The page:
There's an addictive, propelling rhythm to this catalog of passing buses, shoppers, churchgoers, deliverymen and schoolchildren. Perec categorizes certain things, such as types of two-wheeled vehicles and varieties of advertising signs, and otherwise notes the parade of objects people tote – from baguettes to attaché cases to pipes (this was written in the 1970s after all). He considers making an inventory of umbrella styles. He muses on the pigeons circling in synchronized flight.
These are largely objective observations, but Perec also recognizes and greets friends, notes personal associations regarding a particular breed of dog, and he wonders how his having had a coffee one day versus a mineral water the next might transform the impressions he has of the square.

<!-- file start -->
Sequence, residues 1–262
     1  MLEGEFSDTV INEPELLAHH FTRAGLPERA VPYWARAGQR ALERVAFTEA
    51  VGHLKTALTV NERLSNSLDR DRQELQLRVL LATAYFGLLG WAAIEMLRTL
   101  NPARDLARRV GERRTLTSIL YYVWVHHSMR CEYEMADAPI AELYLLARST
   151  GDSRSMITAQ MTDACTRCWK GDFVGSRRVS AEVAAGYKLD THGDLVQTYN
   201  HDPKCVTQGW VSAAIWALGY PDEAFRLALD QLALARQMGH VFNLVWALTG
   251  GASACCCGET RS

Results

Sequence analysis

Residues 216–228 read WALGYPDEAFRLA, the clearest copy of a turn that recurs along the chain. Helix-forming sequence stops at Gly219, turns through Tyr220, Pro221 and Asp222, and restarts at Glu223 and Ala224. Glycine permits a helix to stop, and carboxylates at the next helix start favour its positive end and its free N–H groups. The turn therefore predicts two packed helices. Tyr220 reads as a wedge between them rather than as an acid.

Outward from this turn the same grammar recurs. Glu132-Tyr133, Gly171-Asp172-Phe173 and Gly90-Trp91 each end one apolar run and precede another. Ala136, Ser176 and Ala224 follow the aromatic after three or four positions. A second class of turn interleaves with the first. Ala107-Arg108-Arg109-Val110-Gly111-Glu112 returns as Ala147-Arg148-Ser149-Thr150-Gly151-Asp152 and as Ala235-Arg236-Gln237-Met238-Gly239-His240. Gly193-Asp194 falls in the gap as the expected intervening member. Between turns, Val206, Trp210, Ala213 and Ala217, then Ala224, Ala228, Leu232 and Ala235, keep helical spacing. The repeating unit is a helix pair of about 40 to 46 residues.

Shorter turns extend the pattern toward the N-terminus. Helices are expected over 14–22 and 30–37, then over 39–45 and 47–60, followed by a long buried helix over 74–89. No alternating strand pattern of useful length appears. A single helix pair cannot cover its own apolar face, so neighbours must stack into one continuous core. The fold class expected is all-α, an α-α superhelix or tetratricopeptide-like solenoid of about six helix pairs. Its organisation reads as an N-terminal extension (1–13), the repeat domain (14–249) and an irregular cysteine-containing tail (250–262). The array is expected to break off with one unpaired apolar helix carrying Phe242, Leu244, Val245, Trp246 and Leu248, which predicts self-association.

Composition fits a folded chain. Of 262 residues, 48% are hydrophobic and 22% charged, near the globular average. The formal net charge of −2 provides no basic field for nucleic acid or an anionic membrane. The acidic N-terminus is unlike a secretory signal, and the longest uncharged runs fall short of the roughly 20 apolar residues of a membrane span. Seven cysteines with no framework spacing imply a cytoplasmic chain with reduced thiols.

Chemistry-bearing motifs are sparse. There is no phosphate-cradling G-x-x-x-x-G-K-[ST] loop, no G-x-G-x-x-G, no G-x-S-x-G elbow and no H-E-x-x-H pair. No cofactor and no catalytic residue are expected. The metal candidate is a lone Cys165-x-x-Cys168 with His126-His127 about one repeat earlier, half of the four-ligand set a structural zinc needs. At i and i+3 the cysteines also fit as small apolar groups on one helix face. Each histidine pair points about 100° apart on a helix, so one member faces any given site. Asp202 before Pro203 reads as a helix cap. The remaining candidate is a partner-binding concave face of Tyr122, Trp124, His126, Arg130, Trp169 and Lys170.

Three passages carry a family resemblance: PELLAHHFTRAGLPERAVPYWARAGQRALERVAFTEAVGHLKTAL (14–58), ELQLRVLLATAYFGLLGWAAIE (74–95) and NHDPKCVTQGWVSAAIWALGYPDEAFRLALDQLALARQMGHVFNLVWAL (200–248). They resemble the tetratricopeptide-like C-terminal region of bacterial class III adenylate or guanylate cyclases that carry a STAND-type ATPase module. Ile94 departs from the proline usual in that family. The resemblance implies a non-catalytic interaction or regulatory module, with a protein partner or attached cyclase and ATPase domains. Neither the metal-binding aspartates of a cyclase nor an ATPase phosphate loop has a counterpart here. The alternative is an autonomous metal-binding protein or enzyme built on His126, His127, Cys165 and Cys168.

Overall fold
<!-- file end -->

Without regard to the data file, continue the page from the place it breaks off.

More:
This restless attempt to capture the banal minutiae of the city is not exactly the sexy, romanticized Paris of most fiction, but it teems with life and is tinged at times with Perec's unique charm and humor. If Paris is your passion, this small book should offer a pleasant reading experience. It pairs nicely with another brief but striking book – Things Seen, Annie Ernaux's crystalline observations of quotidian Paris and its suburbs.
Georges Perec was a member of Oulipo and, as such, relished imposing constraints on his literary creations. He is perhaps best known for having written a full-length novel without ever using the letter e.
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